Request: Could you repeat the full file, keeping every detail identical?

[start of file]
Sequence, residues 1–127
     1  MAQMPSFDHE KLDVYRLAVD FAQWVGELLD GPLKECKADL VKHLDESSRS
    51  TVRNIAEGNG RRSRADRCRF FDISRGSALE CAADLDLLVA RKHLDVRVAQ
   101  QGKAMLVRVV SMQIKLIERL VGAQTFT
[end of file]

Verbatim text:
Sequence, residues 1–127
     1  MAQMPSFDHE KLDVYRLAVD FAQWVGELLD GPLKECKADL VKHLDESSRS
    51  TVRNIAEGNG RRSRADRCRF FDISRGSALE CAADLDLLVA RKHLDVRVAQ
   101  QGKAMLVRVV SMQIKLIERL VGAQTFT